Planning for retirement is every bit as much a concern for American working women as it is for working men, and perhaps more so. After all, women make up fifty-seven percent of women participate in the labor force, and among women with children under age 18, that figure rises to 70 percent. At the same time, women face unique retirement saving and planning challenges, such as extended time away from work to bear and raise children or care for family members. Women also have longer lifespans.
In light of this, investing a little time along with your dollars can make a big difference in a woman’s retirement security. To help prepare for and manage the challenges, here is a place to start:
1) Take charge of your retirement: Find out as much as you can. Talk to your spouse, find out about current and past employers, and check on your Social Security benefit. Even if you are worried about the answers, it’s better to find out now than when you are ready to retire.
2) Take advantage of retirement benefits available at your workplace: Financial experts agree that there is no better place to grow money then at work because of the tax advantages. In addition, if your employer adds matching contributions, that’s free money. The sooner you start, the longer the money will have to grow. Those over age 50 can take advantage of “catch-up” provisions that help you save more in your 401(k) and IRA plans. If you are lucky enough to have a traditional, defined benefit plan, make sure you understand why it is a valuable benefit.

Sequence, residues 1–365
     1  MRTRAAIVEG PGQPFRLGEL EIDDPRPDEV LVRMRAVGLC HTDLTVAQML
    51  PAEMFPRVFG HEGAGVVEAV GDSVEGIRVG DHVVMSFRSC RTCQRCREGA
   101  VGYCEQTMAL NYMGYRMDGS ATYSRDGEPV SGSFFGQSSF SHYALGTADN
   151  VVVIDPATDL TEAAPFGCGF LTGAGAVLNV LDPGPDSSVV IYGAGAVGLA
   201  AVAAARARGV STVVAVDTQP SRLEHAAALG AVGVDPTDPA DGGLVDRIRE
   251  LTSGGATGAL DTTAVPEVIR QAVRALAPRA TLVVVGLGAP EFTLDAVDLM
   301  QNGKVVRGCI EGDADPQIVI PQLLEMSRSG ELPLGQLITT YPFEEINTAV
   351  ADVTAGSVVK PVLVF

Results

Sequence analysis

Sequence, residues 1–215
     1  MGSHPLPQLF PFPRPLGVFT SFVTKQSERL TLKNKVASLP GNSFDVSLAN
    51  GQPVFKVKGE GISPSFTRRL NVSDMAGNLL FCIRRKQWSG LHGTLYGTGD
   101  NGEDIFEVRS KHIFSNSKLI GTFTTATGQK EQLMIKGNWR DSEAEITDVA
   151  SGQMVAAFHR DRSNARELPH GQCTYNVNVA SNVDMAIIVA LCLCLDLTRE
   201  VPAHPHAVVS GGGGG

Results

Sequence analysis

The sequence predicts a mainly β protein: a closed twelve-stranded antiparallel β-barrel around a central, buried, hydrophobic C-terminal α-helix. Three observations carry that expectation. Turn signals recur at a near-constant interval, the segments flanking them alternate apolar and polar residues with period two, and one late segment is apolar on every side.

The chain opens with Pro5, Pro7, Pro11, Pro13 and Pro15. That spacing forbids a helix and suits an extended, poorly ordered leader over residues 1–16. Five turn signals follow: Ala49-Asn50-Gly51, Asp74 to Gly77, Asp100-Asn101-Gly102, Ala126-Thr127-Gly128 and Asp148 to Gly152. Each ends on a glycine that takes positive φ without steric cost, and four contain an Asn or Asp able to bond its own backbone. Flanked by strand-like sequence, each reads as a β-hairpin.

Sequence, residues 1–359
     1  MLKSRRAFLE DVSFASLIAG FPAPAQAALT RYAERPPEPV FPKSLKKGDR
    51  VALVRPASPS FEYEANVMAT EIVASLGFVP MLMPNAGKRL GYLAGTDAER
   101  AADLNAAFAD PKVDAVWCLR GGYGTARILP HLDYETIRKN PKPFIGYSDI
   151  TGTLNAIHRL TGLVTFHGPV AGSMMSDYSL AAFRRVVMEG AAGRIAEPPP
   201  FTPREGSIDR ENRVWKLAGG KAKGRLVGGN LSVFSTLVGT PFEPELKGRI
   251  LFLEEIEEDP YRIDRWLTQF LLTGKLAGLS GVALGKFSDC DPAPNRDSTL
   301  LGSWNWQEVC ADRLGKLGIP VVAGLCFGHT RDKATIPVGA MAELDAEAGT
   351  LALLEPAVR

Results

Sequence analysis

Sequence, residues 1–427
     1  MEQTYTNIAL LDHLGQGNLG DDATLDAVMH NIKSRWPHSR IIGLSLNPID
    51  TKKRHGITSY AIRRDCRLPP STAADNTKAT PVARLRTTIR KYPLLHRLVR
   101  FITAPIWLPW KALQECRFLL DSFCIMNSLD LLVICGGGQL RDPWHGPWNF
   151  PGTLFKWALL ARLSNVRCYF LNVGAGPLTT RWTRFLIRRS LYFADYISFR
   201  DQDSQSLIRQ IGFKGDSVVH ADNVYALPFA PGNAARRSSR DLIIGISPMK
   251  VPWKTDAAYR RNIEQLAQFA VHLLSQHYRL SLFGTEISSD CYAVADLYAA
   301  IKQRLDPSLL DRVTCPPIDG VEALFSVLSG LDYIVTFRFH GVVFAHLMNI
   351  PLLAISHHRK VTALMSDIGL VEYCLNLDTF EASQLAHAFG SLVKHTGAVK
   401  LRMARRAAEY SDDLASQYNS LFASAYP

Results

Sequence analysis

3) Take time to educate yourself: There is a wealth of information out there on the Internet, and your financial adviser is an even better resource. Furthermore, take advantage of free classes at local schools, read magazines and articles on investing for retirement. Investing a little time along with your dollars can make a big difference in your retirement security.
4) Take the first step to learn how much you will need to have a comfortable retirement: The big question is whether your guaranteed sources of income, like Social Security combined with retirement accounts and savings will be enough for a comfortable retirement. Look at what sources of retirement income you can count on and what you can expect to receive from them. Some of your expenses may go down, but others, especially health care costs, may go up significantly. Other factors include how long you will be retired, investment rates of return, and inflation. If what you have so far does not seem like enough, make a plan to save more.
5) Take the time to sound your own alarm. This is your wake-up call. Don’t put it off: Many women face challenges meeting retirement income needs, but educating yourself will help you choose savings and investment tools wisely. Starting to plan now will give you more options later. The promise of retirement is having time for yourself after a lifetime of hard work.